How to Sew a Bustle Dress

Fashion from the Past

Bustle dresses were extremely fashionable during the 1870s and 1880s. Today, bustles are rarely seen except on wedding dresses. Most wedding dress bustles are more functional than design driven, because they allow the bride to hike up the train for ease of moving around during the reception after the ceremony. Dresses designed for bustles are generally more complicated to sew than non-bustle dresses, so learn basic sewing skills before attempting to sew a bustle dress.

1870s bustle dress

How To

Step 1

Measure for a good fit. The back of the sewing pattern has a table that helps you determine which size to use, but many people do not measure to just one size. Measure the wearer and compare her measurements to the size table on the pattern. Alter the pattern to fit her size for the best possible fit. For example, if she fits all the measurements for a size 12 except that her waist is too large for a size 12, use the size 14 guidelines on the pattern just for the waist portion of the pattern.

Step 2

Create a mock-up. Since fabric tends to be very expensive for bustle dresses due to the large amount of yardage involved, make a mock-up to ensure that the dress will fit before you cut into the expensive fabric. Cut the pattern pieces out of muslin, and assemble the dress according to the pattern's instructions. Try the dress on the wearer, and make any adjustments necessary for a tailored fit. Make a note of these adjustments on your pattern pieces by drawing the lines larger or smaller. For example, if the sleeves are too long by 1 inch, draw a line on the pattern indicating that the sleeves should be cut 1 inch shorter.

Step 3

Cut out the actual fabric using your adjusted pattern pieces. Assemble the dress except for the bustle, which will be constructed after the rest of the dress is made. For a bustle with extra pouf, add layers of ruffles to the back of the dress. Cut 8-inch strips of fabric that are double the length of the back of the dress. Sew 2 rows of long basting stitches along one long edge of each fabric strip. Pull on the ends of the threads to gather the strips until you have ruffles that fit across the width of the back of the dress. Sew the ruffles in horizontal layers across the back of the dress.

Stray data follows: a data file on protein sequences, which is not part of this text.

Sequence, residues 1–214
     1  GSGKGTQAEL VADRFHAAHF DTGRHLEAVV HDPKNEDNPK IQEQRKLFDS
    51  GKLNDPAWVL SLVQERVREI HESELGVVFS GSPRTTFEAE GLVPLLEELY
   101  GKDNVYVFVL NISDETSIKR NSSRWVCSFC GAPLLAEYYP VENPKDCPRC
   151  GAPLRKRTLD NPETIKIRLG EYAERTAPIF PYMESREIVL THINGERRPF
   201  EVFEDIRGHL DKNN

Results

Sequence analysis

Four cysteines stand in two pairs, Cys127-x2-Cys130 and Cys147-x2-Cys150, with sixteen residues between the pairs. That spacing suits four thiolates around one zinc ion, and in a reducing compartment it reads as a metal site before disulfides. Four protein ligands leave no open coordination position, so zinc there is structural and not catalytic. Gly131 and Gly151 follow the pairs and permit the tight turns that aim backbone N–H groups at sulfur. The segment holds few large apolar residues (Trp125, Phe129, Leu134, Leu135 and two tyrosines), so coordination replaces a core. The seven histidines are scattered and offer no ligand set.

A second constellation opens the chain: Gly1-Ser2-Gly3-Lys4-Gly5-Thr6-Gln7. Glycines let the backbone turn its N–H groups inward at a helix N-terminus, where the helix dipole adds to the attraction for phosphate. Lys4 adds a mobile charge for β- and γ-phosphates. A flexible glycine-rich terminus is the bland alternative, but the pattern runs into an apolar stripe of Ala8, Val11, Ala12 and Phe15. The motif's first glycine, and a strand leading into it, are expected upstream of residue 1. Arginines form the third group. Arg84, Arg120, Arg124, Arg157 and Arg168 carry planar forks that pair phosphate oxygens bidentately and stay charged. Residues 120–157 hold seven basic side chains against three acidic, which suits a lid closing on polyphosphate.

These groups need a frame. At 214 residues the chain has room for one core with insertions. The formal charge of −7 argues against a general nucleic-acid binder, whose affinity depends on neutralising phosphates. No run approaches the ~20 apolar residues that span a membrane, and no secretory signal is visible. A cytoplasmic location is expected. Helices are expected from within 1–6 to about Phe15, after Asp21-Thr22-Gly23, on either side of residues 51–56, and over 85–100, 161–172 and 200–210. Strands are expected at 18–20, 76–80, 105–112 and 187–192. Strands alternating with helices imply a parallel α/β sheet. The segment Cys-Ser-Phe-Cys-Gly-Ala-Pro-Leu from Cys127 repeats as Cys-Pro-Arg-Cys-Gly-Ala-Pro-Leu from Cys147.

Step 4

Cut out the piece for the bustle. If you do not have a pattern piece for the bustle, you can use a single piece of 45-inch wide fabric. Gather one 45-inch end of the fabric, so that it fits across the back side of the dress. Sew the gathered end to a piece of twill tape to steady the gathers. Cut 3 lengths of twill tape that are the same length as the length of the back of the dress. Attach the 3 lengths of twill tape to the gather steadying piece of twill tape, 1 length right in the center of the bustle and the other 2 lengths about 2 inches in from the side edges of the bustle. The 3 lengths of twill tape should hang down loosely underneath the bustle.

Step 5

Make pleats along the sides of the bustle from the top of the bustle to about 12 inches from the top. To make the pleats, fold up about an inch of fabric underneath itself, and secure the fold with a straight pin. Space the pleats evenly. Once you have pinned the pleats, sew them in place with your sewing machine. Fluff up the rest of the bustle, and use straight pins to attach the bustle's fabric to the lengths of twill tape resting underneath. The twill tape keeps the fluffs of the bustle from sliding down. Adjust the poufs of fabric until the bustle looks symmetrical and as fluffy as you want it. Use a needle and thread to tack the fabric to the lengths of twill tape.

Step 6

Sew the bustle to the back of the dress by hand to keep the twill tape from showing. Hem the bottom of the bustle by cutting the back of the bustle 1 1/2 inches longer than the rest of the dress. Fold the hem up, and press it before stitching it with your sewing machine. You can use a regular straight stitch for hemming, or you can use a hem stitch if your sewing machine has a hemming foot and hemming stitch.

Comments 3 comments

creativelycc profile image

creativelycc 5 years ago from Maine

Good information, I have a client who loves the style of the late 1800's and early 1900's. She loves to dress this way. These instructions may come in handy. Thank you!


Monisa Ahmed profile image

Monisa Ahmed 5 years ago from India

I have been working on a sewing project lately and making pleats was kinda difficult job for me than sewing.But I got some valuable information from your tutorial.

Thank you for your links!


Akhona 5 years ago

i want to learn how to sew passinate about this please help.

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